In the new issue of Nature Genetics, Arne Smits under supervision of Michiel Vermeulen from the Dept. of Molecular Biology, theme Cancer development and immune defence together with researchers from the Dept. of Molecular Developmental Biology and research groups from Australia and Spain reveal the biochemical mechanism of enhancer activation during vertebrate embryogenesis.
During early embryonic development genes get turned on and off in order to specify the tissues and organs of the developing organism. Whether a gene will be active or not at a given developmental time-point will largely depend on the regulatory regions called enhancers that are located in the vicinity of these genes. Nowadays we know that many human diseases including cancer are linked to aberrancies in enhancer function. In this study, the authors demonstrate that the activation of embryonic enhancers consists of the removal of a chemical mark called the methyl group from the DNA molecule which in turn enables activating proteins to bind those DNA regions. Of particular importance is the fact that this biochemical event takes place during the phylotypic stage, an embryonic phase during which the members of various animal groups look very much alike. This work confirms the existence of such a phase on the level of the DNA sequence and highlights the regulatory complexity of the most evolutionarily conserved stage of vertebrate embryogenesis.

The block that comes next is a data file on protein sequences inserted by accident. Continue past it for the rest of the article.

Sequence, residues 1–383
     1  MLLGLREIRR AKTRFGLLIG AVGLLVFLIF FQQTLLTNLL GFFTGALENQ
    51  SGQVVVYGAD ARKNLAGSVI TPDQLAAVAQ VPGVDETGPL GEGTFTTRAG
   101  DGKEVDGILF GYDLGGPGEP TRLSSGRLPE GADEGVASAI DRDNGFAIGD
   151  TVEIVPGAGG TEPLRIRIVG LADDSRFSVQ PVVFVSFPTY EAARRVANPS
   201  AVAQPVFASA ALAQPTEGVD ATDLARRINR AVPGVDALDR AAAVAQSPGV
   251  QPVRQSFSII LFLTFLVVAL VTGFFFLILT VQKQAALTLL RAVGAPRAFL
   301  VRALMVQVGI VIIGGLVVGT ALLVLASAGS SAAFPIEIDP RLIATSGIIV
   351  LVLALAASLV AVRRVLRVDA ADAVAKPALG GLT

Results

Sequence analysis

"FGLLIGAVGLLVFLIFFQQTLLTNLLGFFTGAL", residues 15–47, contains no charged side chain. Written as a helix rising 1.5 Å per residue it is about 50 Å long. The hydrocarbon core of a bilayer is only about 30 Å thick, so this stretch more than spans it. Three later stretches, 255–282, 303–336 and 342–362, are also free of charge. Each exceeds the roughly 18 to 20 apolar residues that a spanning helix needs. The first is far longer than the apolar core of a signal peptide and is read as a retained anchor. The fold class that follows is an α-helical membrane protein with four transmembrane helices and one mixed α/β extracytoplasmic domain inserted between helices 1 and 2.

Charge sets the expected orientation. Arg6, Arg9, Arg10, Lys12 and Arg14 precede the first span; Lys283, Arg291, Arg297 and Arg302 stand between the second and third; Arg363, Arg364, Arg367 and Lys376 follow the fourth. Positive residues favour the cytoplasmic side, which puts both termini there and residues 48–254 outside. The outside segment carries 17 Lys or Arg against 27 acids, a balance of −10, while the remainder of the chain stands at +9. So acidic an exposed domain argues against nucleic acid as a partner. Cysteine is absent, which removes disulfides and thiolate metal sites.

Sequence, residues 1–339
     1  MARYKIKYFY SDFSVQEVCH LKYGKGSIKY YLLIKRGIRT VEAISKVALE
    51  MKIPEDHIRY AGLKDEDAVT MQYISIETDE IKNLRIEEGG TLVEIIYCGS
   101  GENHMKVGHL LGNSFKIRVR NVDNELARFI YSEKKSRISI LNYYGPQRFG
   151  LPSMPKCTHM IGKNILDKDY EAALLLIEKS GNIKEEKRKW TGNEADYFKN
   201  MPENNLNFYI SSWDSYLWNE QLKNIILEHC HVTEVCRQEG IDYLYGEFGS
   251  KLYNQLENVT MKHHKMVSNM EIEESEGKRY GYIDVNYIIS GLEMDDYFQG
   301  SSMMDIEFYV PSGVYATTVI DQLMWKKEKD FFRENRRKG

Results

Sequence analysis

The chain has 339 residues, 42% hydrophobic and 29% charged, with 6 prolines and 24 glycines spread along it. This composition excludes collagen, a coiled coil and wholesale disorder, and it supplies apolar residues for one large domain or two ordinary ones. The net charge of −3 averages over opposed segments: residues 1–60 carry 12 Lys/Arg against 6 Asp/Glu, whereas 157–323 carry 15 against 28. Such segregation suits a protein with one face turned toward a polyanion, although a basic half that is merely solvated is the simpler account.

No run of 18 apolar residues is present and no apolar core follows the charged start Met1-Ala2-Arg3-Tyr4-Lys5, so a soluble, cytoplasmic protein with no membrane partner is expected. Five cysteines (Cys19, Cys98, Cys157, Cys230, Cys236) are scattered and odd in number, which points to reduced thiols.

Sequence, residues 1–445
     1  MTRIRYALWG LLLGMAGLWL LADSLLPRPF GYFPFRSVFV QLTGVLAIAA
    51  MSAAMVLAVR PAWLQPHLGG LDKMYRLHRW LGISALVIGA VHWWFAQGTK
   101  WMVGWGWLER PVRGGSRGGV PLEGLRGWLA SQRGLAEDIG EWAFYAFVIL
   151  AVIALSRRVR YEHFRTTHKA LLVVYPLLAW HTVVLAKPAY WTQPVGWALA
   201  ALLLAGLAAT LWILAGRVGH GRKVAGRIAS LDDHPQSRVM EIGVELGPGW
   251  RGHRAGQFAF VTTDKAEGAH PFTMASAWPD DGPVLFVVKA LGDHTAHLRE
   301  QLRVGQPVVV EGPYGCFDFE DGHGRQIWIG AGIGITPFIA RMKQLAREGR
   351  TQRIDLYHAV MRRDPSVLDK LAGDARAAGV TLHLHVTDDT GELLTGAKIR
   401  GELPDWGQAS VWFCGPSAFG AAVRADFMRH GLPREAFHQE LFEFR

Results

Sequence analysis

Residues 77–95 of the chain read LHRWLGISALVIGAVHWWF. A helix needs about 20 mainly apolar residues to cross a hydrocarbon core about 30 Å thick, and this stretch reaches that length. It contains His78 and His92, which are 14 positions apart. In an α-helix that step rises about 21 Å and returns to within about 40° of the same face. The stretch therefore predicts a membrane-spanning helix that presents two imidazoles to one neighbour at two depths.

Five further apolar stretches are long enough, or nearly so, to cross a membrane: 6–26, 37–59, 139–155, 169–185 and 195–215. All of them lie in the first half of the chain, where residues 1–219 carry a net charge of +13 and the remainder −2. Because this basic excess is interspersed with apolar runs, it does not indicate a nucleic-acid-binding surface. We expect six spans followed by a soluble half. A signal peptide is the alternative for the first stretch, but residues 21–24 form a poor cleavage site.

Nature Genetics: Active DNA demethylation at enhancers during the vertebrate phylotypic period, 2016
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